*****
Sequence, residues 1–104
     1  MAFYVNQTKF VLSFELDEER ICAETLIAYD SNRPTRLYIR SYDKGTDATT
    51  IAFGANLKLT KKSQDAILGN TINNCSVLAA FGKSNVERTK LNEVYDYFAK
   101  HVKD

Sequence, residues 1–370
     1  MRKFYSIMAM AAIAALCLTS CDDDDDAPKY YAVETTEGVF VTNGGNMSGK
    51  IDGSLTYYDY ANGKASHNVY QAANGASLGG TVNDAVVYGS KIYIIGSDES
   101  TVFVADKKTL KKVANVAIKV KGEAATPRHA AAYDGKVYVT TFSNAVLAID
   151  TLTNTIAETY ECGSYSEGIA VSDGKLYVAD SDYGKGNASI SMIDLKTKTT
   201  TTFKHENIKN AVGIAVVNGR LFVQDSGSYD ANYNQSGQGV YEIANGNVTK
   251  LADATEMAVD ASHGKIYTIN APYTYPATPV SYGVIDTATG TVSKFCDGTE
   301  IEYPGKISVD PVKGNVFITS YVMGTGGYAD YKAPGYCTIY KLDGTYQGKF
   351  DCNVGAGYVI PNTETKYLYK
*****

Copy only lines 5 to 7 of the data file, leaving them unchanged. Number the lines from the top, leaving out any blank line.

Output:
Sequence, residues 1–370
     1  MRKFYSIMAM AAIAALCLTS CDDDDDAPKY YAVETTEGVF VTNGGNMSGK
    51  IDGSLTYYDY ANGKASHNVY QAANGASLGG TVNDAVVYGS KIYIIGSDES